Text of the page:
As I sat along the marathon route in Wellesley on Monday, a man walked up to the route without a chair or blanket or snacks. He was clearly not planning on staying long. About fifteen minutes later he erupted into cheers. “Go Jennifer!” “That a-way Jen!” “You can do it!” “You’re amazing!” A runner turned to him and smiled. And then he started running – apparently to get the next spot where he could cheer on his wife.
There was a woman next to us who seemed indefatigable. As runners came by she shouted out to them – and at first I thought she knew their names. She didn’t. She was calling out whatever she saw on their jerseys. “Go Canada!” “Yay Smith!” “Mexico rocks!”
Across the street were some experienced spectators. They had noisemakers and signs in abundance. “You’re almost there!” “Keep going!”
Whether we’re running a marathon or simply living one, all of us need people in our corner, people who will cheer us on, people who will encourage us when we’re thinking we might just give up.
So it’s cheers to the cheerleaders! May you have one. May you be one.
Fifty is a very good number in Scripture. The festival of Pentecost (a word meaning “fiftieth”) comes on the fiftieth day after Easter. It commemorates the arrival of the Holy Spirit and the sending of the disciples into the world.
Fifty is a good number.
Our social ministry team has set a goal of 50 people to send out into the world in service in the coming week. Every year, the ELCA (Evangelical Lutheran Church in America) encourages congregations to set aside some special time to be church in service to the community. We are encouraged to remind ourselves and tell our friends and neighbors that that it is “God’s Work Our Hands.”
This year at Faith, we have a number of opportunities for service between October 9 and 18. You can help tie fleece blankets for those who are homeless, help build a bed for a toddler in need, support Afghan refugee families, clean up Stanley Reservation in Andover, work on a home with Habitat for Humanity, and prepare or distribute a meal at Bread and Roses.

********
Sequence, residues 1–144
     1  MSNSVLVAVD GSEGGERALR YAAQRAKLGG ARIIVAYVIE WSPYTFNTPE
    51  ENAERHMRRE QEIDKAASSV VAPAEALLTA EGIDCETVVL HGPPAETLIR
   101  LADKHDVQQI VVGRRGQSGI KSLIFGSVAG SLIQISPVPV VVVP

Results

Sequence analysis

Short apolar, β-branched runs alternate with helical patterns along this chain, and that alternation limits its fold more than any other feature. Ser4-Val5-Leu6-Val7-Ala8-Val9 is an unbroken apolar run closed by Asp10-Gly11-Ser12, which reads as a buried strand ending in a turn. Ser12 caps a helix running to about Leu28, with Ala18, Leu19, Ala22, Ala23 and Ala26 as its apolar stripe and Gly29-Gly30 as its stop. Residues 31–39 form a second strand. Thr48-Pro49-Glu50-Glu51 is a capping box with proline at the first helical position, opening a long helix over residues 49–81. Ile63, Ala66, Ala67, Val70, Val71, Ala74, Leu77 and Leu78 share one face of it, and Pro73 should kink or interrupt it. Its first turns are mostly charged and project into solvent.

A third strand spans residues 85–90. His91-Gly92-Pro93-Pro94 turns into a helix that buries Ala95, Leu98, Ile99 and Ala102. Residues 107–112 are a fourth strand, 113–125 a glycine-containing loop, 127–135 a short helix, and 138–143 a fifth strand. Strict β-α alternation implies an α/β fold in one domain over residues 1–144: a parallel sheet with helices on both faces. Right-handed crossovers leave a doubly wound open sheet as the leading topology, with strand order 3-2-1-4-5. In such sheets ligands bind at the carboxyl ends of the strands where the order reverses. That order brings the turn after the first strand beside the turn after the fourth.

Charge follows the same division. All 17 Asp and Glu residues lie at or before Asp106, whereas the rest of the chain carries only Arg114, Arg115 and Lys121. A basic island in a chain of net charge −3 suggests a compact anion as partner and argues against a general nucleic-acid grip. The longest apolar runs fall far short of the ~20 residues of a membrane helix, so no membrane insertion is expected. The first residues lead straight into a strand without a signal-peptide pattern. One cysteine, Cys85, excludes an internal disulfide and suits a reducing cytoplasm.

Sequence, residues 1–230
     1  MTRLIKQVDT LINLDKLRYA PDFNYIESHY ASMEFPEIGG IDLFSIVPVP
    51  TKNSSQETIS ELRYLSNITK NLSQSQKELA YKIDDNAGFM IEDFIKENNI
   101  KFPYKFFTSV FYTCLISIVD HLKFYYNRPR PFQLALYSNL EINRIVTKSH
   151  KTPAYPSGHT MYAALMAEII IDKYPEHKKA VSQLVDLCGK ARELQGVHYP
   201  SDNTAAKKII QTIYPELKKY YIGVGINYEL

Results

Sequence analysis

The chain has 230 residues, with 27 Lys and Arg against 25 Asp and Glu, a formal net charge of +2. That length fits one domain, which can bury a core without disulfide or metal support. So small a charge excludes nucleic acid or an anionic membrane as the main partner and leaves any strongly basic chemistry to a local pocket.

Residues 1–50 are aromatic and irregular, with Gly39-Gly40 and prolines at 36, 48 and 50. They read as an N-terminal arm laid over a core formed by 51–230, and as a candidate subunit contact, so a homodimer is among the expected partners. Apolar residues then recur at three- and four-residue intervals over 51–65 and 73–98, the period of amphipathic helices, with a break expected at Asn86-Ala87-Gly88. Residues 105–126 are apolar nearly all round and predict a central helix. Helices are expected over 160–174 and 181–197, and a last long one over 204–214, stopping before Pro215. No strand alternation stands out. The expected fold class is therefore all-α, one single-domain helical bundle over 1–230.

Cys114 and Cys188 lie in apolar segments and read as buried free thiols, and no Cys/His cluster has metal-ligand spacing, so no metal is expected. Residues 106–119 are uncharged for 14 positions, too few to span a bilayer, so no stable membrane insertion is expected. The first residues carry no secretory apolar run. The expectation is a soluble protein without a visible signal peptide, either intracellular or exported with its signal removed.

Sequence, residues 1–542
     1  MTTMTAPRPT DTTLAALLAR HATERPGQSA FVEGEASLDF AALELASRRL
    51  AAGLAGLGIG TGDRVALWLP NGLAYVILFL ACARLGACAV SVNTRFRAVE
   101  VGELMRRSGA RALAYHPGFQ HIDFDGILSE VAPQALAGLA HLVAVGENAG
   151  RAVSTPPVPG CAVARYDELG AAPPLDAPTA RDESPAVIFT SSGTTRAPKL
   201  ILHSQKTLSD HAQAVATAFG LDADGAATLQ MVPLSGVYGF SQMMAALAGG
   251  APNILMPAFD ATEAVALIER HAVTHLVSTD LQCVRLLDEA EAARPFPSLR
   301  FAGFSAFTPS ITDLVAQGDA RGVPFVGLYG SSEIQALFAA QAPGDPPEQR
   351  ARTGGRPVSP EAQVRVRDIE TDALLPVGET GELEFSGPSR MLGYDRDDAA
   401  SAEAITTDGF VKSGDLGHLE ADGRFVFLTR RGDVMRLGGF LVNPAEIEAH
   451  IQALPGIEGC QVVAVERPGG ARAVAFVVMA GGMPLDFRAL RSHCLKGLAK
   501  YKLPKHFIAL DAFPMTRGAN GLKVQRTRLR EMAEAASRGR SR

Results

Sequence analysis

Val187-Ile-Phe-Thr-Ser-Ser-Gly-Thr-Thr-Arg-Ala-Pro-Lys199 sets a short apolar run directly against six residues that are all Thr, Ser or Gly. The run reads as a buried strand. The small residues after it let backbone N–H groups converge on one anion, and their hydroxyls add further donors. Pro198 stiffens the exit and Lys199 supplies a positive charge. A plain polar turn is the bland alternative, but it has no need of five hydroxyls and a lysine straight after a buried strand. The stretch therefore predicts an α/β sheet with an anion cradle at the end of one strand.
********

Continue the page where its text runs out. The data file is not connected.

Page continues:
There is a certain spirituality about baking bread.
Flour. Salt. Yeast. Milk. Butter. The ingredients are simple but they come together and are transformed into food that satisfies our hunger.
What are the ingredients of your life that most feed your soul?
It is rare to make a loaf of bread and eat it oneself. Bread is meant to be shared.
How do you share your life with others?
Bread breaks. It crumbles – often despite our best efforts. And yet, the crumbs do not lose their ‘bread-ness.’ They can’t be put together exactly as they were before, but they have the power to feed us yet.
How have past experiences of brokenness ended up feeding you?
Jesus broke bread with the oddest of companions (the word ‘companion’ literally means ‘to break bread together’). He broke bread with his friends but also with strangers, enemies, cheaters, those of questionable reputation, and I could go on and on. He knew that breaking bread together was a spiritual practice – it drew the gathered into a deeper communion with each other and with God.
Each week we gather together in worship and break bread together. It is a spiritual practice. It draws us into a deeper communion with God and with each other.
I am also looking forward to breaking bread with many of you at the Women’s Retreat at Camp Calumet October 22-24. (Other details are available in Forward with Faith – or you can send me an email.)